Pedestrian safety in focus at West End and 70th


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Dangers of intersection draw scrutiny after fatality


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  • A pedestrian was killed May 3 crossing West End Avenue at West 70th Street. Three pedestrians and one bicyclist were injured in collisions at the intersection last year. Photo: Michael Garofalo



Traffic enforcement will be “ramped up, especially as the weather gets warm and we have more and more pedestrians out there.”

NYPD Captain Timothy Malin, 20th Precinct



Community Board 7 is discussing measures to improve safety at West 70th Street and West End Avenue after a pedestrian was struck and killed by a vehicle at the busy Upper West Side crossing earlier this month.

An 85-year-old woman died on the morning of May 3 after she was hit by a Jeep as she attempted to cross West End at 70th Street. Police and residents discussed the incident and safety issues at the intersection at a meeting of the community board's transportation committee on May 8.

Though the fatal incident is still under NYPD investigation, Captain Thomas Palmer of the 20th Precinct, which covers the Upper West Side between 59th and 86th Streets, said video evidence shows that the woman crossed against the light and did not have the right of way.

The motorist, who stayed at the scene and cooperated with police, had been traveling north on West End Avenue. The driver stopped at a red light at 70th Street, proceeded through the intersection after the light turned green and hit the pedestrian in the opposite crosswalk. “I wouldn't expect that that person was traveling at an excessive rate of speed, because they had just started from a stop,” Palmer said. “It was just unfortunate that the woman attempted to make it across the street in that short amount of time.”

“Unfortunately the motorist just didn't see her,” he added.

According to NYPD data, the collision was the fifth to date this year at the intersection, which has four lanes of north-south traffic on West End Avenue, with vehicles traveling in either direction permitted to make left and right turns off the avenue. Pedestrian traffic is often heavy, especially in the morning and afternoon as students walk to and from P.S. 199 nearby on 70th Street.

Three pedestrians and one bicyclist were injured in collisions at 70th Street and West End Avenue last year. Roberta Semer, the chair of Community Board 7, lives nearby and said the intersection has been persistently dangerous. “Over the last 20 or 25 years there's probably been four or five fatalities on or near that corner, all involving seniors,” Semer said.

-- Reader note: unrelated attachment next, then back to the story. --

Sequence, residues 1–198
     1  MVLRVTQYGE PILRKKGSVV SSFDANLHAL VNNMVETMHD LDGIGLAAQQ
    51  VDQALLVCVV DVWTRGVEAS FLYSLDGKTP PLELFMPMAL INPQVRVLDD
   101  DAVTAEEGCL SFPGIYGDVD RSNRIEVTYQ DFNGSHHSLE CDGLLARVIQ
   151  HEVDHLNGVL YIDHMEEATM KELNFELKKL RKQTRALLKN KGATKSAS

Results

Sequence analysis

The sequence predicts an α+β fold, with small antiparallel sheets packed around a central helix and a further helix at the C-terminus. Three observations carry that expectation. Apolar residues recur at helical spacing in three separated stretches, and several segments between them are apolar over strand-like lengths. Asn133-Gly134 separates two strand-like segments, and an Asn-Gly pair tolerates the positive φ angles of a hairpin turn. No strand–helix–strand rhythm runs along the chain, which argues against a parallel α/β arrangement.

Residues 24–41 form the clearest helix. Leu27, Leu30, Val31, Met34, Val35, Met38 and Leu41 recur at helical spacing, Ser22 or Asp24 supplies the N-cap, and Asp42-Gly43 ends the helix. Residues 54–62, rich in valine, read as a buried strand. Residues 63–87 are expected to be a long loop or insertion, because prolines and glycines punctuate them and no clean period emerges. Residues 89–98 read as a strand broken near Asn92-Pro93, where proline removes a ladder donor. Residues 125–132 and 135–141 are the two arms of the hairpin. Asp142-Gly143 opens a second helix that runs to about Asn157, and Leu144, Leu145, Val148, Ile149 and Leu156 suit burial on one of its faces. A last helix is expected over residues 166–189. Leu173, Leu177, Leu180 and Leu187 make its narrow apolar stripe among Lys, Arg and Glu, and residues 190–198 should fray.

Cars traveling south on West End and turning right onto 70th Street create a particularly hazardous situation for walkers, Semer said. “They don't see the pedestrians in the crosswalk,” she said. “I have almost been hit on several occasions.”





Semer believes the location should be considered for expanded “daylighting,” a pedestrian safety measure wherein the Department of Transportation removes parking spots and institutes no standing zones near corners to improve sightlines and make pedestrians more visible to turning motorists. Currently, daylighting is in effect from 7 a.m. to 10 a.m. at the corner.

Andrew Albert, the transportation committee's co-chair, said that an exclusive turn signal for vehicles at the intersection could also be beneficial, as it would reduce the potential for collisions between turning vehicles and pedestrians crossing simultaneously.

A Department of Transportation official at the meeting said the agency would be happy to participate in neighborhood outreach and examine possible changes to daylighting and signal timing at the intersection.

West End Avenue accounts for “a disproportionate amount of summonses” written in the 20th Precinct, Captain Timothy Malin said, “mainly because it's a high residential zone with a lot of pedestrians.”

NYPD traffic enforcement, Malin said, will be “ramped up, especially as the weather gets warm and we have more and more pedestrians out there.” Police have visited senior centers to educate locals about safe crossing practices, and Malin said they would extend their outreach to residential buildings and schools, at the community board's request.

A school crossing guard at 70th and West End said that she is “amazed there's not more accidents” at the intersection, as she helped students cross on a recent afternoon. “We need something done immediately,” she said.

The crossing guard, who declined to give her name, said that she hopes for increased automated camera enforcement, which would require state authorization. “We need cameras,” she said. “The cars have no respect for the speed limit. They break red lights all the time.”

As previously reported in the West Side Spirit, unauthorized commercial traffic is a regular presence on West End Avenue. Trucks and other commercial vehicles are not permitted to travel on West End unless it is necessary in order to arrive at their destination. But in spite of the ban, residents frequently complain of charter buses, 18-wheelers, and other commercial vehicles using the avenue as a thoroughfare.

Ten percent of truck collisions in the 20th Precinct take place on West End Avenue, according to police. The avenue also accounts for a quarter of all commercial moving summonses issued in the precinct.

Malin said the NYPD will work to address commercial traffic on West End, adding that the precinct will contact Academy Bus, a company whose vehicles have been photographed using the avenue in apparent violation of traffic laws. “That's low-hanging fruit,” he said. “We should be able to make some progress there.”

Is there a particularly dangerous intersection in your neighborhood? Tell us about it: reporter@strausnews.com





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